Raptors form "kettles" which is a funnel-like formation to use the thermal updrafts. The Broken Kettle Grasslands in the northern Loess Hills holds Iowa's only home to nesting black-billed magpies.

The Turin Man prehistoric archeological site can be seen in the Turin Site. It is 7440 acres of the Loess Hills National Natural Landmark. A good example of the topography of the Loess Hills is at the 2980 acres of the Little Sioux/Smith Lake site. These are the two National Natural Landmarks in the Loess Hills.

All along the Loess Hills are hiking trails and places to camp. There are also preserves many of which have been donated by families to preserve the hills they love so much. You will find signs in the middle of a little fenced-off plot of prairie grass for instance. You cannot explore many of these but they are nice to look at.

During the Woodland Period from 900AD to 1300 AD the Glenwood Culture lived in Mills County in southern iowa. They lived in earth lodges. They were farmers and grew fields of the native plants found growing in and around the Loess Hills.

When Lewis and Clark were on their expedition they held their first formal meeting called a council with the Native Americans. The city of Council Bluffs, Iowa, honors that council meeting.

Sgt Charles Floyd was a member of the Lewis and Clark Expedition. He became ill with what many historians believe was a ruptured appendix and was the only death of the whole expedition. He was buried on a bluff in the Loess Hills overlooking the Missouri River. His monument is the first designated National Historic Landmark in the United States.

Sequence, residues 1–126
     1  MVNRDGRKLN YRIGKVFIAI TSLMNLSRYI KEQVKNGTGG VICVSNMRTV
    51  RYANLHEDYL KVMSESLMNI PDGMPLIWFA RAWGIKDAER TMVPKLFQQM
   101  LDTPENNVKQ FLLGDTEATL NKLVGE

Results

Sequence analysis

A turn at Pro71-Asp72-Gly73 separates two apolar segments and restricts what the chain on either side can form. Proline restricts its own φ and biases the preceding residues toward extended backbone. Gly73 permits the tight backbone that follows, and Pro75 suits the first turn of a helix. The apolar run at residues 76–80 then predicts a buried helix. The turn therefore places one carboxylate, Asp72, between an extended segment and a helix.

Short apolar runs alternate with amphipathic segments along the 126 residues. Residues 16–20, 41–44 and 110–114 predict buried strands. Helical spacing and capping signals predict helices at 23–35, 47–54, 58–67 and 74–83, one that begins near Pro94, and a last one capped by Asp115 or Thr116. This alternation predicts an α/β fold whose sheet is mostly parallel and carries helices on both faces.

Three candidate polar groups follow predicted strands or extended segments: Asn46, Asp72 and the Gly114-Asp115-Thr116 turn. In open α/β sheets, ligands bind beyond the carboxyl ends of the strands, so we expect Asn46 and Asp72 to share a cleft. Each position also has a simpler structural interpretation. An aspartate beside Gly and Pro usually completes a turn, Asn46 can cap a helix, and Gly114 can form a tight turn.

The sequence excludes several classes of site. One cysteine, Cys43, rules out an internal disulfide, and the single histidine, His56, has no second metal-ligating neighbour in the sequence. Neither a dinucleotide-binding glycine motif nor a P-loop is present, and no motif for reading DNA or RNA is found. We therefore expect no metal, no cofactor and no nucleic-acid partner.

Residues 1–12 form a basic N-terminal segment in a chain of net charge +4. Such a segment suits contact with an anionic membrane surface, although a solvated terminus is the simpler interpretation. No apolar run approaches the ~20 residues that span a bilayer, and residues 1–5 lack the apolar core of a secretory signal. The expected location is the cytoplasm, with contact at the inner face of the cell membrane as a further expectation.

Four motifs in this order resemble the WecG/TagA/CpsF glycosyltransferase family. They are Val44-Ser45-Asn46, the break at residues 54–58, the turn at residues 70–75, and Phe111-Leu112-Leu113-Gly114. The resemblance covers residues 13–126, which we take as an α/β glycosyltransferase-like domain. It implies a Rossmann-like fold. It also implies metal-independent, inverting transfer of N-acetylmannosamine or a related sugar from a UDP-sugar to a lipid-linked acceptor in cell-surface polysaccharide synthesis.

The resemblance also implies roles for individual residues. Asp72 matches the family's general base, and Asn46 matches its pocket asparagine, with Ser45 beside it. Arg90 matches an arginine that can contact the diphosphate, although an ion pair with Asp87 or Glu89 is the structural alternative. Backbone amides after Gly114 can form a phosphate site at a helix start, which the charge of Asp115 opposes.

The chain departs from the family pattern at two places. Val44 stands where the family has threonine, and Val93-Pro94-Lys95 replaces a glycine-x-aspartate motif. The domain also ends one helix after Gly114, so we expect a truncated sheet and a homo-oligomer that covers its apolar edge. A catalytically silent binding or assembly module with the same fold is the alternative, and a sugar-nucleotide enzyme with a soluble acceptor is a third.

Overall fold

Looking out over the Missouri River at the other edge of Sioux City is War Eagle's Grave. The monument honors a native American who was admired by the people settling in the area. The Loess Hills showcase all of these and more.

When the Mormons were on their way to finally settle in Utah they traveled through Iowa. One of the elders broke away from the main wagon train and led 50 or 60 families to Kanesville which was renamed Council Bluffs. They then moved on and founded Preparation which was a town named for "School of Preparation for the Life Beyond".

The elder saw the value of the fertile land of the Loess Hills and published a newspaper article telling the faithful to sign over their deeds and possession to him. He became Father Ephraim. When people decided they wanted their property back he escaped.

Claims have been made that the notorious James gang used Joy Hollow near Westfield as a hideout for a time.

Abraham Lincoln visited the Loess Hills. Fairview Cemetery in Council Bluffs was where he was briefed on possible locations for the First Transcontinental Railroad.

All along the Loess Hills are museums. You can find animal fossils and pelts. Arrowheads and stone tools are on display. Wildlife is abundant. And if you want scenery all you need to do is open your eyes... there it is.

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Emma Springfield has a blog that can be seen at Leaves On My Tree. Just click the link to see what she has to say.

Comments

  1. What a lovely area to visit. I like this time of year when the redbuds flower and the hills come alive again.it is sad how long it took to save this area,I have trekked many miles through them, along with riding my bike.

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    Replies
    1. I remember a post you wrote a couple of years ago about the Loess Hills. You know so much more about them than I do.